The role of cerebellar Kv3.1 and Kv3.3 channels in motor coordination was examined with an emphasis on the deep cerebellar nuclei (DCN). Kv3 channel subunits encoded by Kcnc genes are distinguished by rapid activation and deactivation kinetics that support high-frequency, narrow action potential firing. Previously we reported that increased lateral deviation while ambulating and slips while traversing a narrow beam of ataxic Kcnc3-null mice were corrected by restoration of Kv3.3 channels specifically to Purkinje cells, whereas Kcnc3-mutant mice additionally lacking one Kcnc1 allele were partially rescued. Here, we report mice lacking all Kcnc1 and Kcnc3 alleles exhibit no such rescue. For Purkinje cell output to reach the rest of the brain it must be conveyed by neurons of the DCN or vestibular nuclei. As Kcnc1, but not Kcnc3, alleles are lost, mutant mice exhibit increasing gait ataxia accompanied by spike broadening and deceleration in DCN neurons, suggesting the facet of coordination rescued by Purkinje-cell-restricted Kv3.3 restoration in mice lacking just Kcnc3 is hypermetria, while gait ataxia emerges when additionally Kcnc1 alleles are lost. Thus, fast repolarization in Purkinje cells appears important for normal movement velocity, whereas DCN neurons are a prime candidate locus where fast repolarization is necessary for normal gait patterning.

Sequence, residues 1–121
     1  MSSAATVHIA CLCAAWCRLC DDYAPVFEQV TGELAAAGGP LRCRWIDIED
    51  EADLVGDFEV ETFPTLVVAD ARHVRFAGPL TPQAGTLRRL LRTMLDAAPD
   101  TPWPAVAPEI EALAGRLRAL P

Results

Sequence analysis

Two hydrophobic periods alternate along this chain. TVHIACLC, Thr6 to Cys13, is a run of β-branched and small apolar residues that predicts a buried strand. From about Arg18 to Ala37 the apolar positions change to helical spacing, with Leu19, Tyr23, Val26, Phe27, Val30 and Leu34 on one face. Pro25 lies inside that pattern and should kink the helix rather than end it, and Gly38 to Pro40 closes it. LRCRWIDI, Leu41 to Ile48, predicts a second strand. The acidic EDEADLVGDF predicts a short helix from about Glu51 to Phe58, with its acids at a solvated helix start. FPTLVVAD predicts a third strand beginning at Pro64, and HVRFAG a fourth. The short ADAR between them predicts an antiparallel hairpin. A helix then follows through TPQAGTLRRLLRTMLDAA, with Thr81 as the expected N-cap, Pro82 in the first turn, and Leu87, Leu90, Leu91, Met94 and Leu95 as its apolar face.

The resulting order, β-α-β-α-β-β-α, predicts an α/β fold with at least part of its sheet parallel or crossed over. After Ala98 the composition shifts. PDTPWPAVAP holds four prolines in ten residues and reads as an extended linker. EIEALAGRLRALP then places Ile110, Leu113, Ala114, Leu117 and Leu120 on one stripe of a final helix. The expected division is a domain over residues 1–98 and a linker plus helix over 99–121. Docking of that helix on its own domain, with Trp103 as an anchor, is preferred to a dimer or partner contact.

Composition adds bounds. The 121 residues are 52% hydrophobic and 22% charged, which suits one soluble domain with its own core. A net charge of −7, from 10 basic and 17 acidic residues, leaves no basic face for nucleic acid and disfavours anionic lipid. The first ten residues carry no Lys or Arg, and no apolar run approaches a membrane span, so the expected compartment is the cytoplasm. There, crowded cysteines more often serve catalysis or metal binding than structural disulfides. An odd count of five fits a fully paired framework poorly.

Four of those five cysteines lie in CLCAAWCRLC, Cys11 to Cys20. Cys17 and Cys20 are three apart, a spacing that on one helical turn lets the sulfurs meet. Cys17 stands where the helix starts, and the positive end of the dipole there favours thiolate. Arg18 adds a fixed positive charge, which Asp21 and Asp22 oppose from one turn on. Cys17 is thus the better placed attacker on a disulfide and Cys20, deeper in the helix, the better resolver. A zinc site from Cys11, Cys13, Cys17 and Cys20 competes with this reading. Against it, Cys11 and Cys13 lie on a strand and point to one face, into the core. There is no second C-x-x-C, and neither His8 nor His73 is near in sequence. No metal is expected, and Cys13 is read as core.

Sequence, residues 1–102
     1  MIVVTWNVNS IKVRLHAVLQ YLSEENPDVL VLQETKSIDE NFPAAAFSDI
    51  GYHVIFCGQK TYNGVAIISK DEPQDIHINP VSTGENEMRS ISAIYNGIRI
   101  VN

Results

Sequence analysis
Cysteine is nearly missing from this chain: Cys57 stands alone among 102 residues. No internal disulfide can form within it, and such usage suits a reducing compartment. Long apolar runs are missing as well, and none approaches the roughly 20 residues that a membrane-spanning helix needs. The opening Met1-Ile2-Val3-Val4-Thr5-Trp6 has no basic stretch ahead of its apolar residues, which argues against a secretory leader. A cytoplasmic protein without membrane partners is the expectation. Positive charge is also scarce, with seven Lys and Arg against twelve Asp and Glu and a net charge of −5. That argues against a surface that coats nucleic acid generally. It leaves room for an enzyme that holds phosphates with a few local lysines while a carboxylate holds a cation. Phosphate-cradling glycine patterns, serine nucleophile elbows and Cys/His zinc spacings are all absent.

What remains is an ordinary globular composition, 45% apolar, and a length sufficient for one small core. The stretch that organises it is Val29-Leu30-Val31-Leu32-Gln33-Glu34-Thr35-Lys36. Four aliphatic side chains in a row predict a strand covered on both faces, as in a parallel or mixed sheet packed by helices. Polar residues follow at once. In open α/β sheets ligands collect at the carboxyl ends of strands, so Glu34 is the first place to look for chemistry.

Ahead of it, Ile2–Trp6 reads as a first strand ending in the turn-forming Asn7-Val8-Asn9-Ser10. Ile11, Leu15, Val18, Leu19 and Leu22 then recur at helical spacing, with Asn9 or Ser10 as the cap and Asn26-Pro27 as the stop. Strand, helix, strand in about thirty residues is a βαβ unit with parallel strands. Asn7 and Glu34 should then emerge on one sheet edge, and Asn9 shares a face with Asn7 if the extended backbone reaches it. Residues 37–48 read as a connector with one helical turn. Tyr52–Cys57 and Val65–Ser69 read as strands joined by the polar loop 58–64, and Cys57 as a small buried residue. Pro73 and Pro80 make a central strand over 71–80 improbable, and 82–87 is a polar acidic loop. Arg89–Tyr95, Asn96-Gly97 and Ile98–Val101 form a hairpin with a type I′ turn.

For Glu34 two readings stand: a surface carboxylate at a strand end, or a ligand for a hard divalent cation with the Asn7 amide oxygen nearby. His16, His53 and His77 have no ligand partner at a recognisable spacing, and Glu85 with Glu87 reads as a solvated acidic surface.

The genes Kcnc1 and Kcnc3 encode the subunits for the fast-activating/fast-deactivating, voltage-gated potassium channels Kv3.1 and Kv3.3, which are expressed in several brain regions known to be involved in the regulation of the sleep–wake cycle. When these genes are genetically eliminated, Kv3.1/Kv3.3-deficient mice display severe sleep loss as a result of unstable slow-wave sleep. Within the thalamocortical circuitry, Kv3.1 and Kv3.3 subunits are highly expressed in the thalamic reticular nucleus (TRN), which is thought to act as a pacemaker at sleep onset and to be involved in slow oscillatory activity (spindle waves) during slow-wave sleep. We showed that in cortical electroencephalographic recordings of freely moving Kv3.1/Kv3.3-deficient mice, spectral power is reduced up to 70% at frequencies <15 Hz. In addition, the number of sleep spindles in vivo as well as rhythmic rebound firing of TRN neurons in vitro is diminished in mutant mice. Kv3.1/Kv3.3-deficient TRN neurons studied in vitro show ∼60% increase in action potential duration and a reduction in high-frequency firing after depolarizing current injections and during rebound burst firing. The results support the hypothesis that altered electrophysiological properties of TRN neurons contribute to the reduced EEG power at slow frequencies in the thalamocortical network of Kv3-deficient mice.